Comerford secures $1M for Franklin, Hampshire county projects

  • State Sen. Jo Comerford FILE PHOTO

  • An amendment to the economic development bill passed by the Legislature earlier this month includes $100,000 to help fund Baystate Franklin Medical Center’s now roughly $5 million investment in creating a state-of-the-art clinical/teaching facility at 48 Sanderson St. in Greenfield, pictured. STAFF FILE PHOTO/PAUL FRANZ

  • An amendment to the economic development bill passed by the Legislature earlier this month includes 200,000 for infrastructure repairs at Shutesbury Elementary School, pictured. CONTRIBUTED

Staff Writer
Published: 11/20/2022 12:46:12 PM

A series of education, family medicine, food access and infrastructure projects across Franklin and Hampshire counties are among the local recipients included in a $3.76 billion spending package signed into law by Gov. Charlie Baker earlier this month.

“I’m delighted that the Senate included these regional education, food security and health care priorities in our final spending package,” said Sen. Jo Comerford, who helped to secure $20 million for the Community Preservation Act (CPA) in addition to the $1 million in targeted spending across both counties. “I’m grateful to the constituents who raised these needs and opportunities with our office and grateful to my team for helping me bring this money home to our people.”

The money, included as part of an amendment to an economic development bill passed by the Legislature earlier this month, includes $200,000 for the Massachusetts Food Trust Program administered by the Greenfield-based Franklin County Community Development Corporation; $200,000 for elementary school infrastructure repairs in Shutesbury; $175,000 to support a diverse teacher workforce initiative out of the Northampton-based Collaborative for Educational Services and to support the nonprofit’s work in Northampton Public Schools; $275,000 for repairs to fire damage incurred at Smith Vocational and Agricultural High School in Northampton; and $100,000 for Baystate Franklin Medical Center’s family medicine residency program in Greenfield.

Dr. Robert Baldor, founding chair and professor for the University of Massachusetts Medical School-Baystate Department of Family Medicine, said the $100,000 will help fund the hospital’s now roughly $5 million investment in creating a state-of-the-art clinical/teaching facility at 48 Sanderson St., the work for which has started and is ongoing.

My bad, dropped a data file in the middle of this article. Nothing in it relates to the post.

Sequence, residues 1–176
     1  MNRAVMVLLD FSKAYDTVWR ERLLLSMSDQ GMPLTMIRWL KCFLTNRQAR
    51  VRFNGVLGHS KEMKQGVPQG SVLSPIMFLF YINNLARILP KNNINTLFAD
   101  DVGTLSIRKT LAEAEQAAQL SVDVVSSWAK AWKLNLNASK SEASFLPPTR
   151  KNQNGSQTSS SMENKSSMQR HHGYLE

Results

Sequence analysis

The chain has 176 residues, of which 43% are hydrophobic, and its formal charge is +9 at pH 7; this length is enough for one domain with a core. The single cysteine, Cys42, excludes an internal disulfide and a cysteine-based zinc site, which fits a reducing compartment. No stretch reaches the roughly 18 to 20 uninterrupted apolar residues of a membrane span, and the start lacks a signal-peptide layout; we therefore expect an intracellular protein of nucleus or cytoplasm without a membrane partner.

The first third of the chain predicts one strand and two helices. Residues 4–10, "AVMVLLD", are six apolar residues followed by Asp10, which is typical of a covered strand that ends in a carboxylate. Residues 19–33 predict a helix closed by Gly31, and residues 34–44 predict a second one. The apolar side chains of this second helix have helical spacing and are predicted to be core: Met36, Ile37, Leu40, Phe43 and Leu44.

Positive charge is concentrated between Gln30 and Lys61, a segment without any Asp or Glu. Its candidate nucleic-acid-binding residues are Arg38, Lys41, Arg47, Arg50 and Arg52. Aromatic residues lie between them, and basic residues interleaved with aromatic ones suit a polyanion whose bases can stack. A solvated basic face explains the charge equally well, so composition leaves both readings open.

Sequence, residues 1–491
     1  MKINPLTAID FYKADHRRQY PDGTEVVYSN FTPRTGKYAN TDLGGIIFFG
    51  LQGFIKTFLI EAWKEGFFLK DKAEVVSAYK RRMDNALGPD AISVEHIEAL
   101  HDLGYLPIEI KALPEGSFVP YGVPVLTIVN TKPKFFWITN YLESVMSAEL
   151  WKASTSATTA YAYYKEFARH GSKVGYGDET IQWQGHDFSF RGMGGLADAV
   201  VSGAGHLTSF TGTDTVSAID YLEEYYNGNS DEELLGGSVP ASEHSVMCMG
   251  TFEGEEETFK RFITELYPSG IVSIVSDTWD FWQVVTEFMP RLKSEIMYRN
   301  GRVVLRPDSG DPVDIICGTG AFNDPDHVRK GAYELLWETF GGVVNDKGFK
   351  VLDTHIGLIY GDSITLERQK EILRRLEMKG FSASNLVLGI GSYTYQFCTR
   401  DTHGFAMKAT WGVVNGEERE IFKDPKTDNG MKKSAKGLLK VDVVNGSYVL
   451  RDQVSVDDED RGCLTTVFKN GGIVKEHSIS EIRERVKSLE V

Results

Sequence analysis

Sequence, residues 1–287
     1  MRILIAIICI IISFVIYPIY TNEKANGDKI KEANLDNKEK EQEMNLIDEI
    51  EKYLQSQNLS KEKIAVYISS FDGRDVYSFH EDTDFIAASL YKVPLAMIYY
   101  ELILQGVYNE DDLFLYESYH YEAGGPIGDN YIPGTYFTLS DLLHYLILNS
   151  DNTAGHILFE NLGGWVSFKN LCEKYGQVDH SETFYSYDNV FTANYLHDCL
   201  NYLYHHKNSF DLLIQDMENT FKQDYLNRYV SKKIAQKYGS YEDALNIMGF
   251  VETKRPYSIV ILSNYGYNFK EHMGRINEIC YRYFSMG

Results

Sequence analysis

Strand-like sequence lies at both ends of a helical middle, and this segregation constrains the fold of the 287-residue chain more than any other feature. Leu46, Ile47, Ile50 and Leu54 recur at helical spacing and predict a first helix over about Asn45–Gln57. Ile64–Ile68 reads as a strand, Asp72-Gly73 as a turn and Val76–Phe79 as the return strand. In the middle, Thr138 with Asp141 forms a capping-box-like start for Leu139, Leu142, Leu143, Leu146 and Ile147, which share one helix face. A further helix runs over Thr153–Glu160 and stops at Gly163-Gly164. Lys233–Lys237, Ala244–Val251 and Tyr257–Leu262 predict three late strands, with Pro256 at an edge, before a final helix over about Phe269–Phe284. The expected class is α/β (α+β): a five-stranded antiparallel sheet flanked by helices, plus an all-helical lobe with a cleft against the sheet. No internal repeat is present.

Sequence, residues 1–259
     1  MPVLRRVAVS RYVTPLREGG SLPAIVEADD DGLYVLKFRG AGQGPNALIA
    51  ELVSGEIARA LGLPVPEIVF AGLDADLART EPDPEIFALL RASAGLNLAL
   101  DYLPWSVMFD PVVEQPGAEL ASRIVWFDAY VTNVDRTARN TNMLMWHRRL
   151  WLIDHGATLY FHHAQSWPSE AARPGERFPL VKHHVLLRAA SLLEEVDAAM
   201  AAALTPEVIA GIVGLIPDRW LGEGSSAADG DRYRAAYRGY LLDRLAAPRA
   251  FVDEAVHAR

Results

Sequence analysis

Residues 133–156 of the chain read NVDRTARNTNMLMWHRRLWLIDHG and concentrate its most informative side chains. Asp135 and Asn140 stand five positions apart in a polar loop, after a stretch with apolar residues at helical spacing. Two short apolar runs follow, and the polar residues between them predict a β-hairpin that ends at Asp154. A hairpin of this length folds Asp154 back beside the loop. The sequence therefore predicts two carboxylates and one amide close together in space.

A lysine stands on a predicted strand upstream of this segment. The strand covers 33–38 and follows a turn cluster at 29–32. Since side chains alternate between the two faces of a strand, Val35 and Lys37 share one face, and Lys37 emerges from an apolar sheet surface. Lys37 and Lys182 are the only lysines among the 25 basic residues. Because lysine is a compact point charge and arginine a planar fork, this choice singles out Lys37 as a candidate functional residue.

“It’s a really nice recognition from the state of the need in this area,” he said. “It really is a long-term investment into Franklin County.”

With the COVID-19 pandemic and inflation, the cost of the project has “ballooned” from $4.2 million to between $5 and $5.5 million, according to Baldor. So far, the community has helped to raise upward of $600,000 to support it.

The first phase of the project is complete — the buildout of the teaching space and conference rooms.

“We’re renovating the entire building, not just the educational space,” Baldor explained. “It’s a two-story building. Services that are there will all move downstairs and family medicine will take over the entire upstairs.”

Baldor said with the first cohort of family medicine residents on board and the second cohort set to start in July 2023, the next year will require patience as construction happens while doctors continue to see their patients.

“I recognize there are so many needs out there, and to recognize the importance of what this means for Franklin County … and helping us to move this forward,” Baldor began. “It’s wonderful (Comerford’s) office was able to come through with this.”

In Northampton, the Collaborative for Educational Services will receive $175,000, about $150,000 of which will support the work of the Diverse Teacher Workforce Coalition. The remaining $25,000 will benefit the collaborative’s work in the Northampton Public Schools, according to Director of Development Isolda Ortega-Bustamante.

“This allocation of $150,000 will support direct services to Black and Latino paraeducators and teachers on waivers on their journeys toward state licensure, help maintain current programming, support infrastructure-building and expand our work to achieve an ever-increasing impact in our region,” Ortega-Bustamante said in a statement. “The (Massachusetts Department of Elementary and Secondary Education) and most public school districts recognize expanding the teacher workforce and increasing teacher diversity as key issues, and (the Collaborative for Educational Services) is very fortunate to benefit from working with such great partners in our region to address these issues together, now with the incredible support of Sen. Comerford and her colleagues through this allocation.”

In Greenfield, the Franklin County Community Development Corporation will receive $200,000 to support the Massachusetts Food Trust Program, which provides loans, grants and business assistance to help get healthy, affordable food to low-income, underserved areas.

“We’re very excited and grateful,” commented Senior Program Manager Rebecca Busansky. “Seeing the impact over the past four years since we’ve launched the program, it’s really become important to sustain and now grow the program.”

She said this $200,000 will complement the $1 million the program receives each year from the state.

“We’re supporting a lot of small independent supermarkets, mobile markets, farm stores, farmers markets and farm stands with the kind of healthy food financing we’ve seen make a difference in other states,” Busansky explained. “It’s really been exciting ... and we’re excited for the work to come.”

Reporter Mary Byrne can be reached at or 413-930-4429. Twitter: @MaryEByrne.


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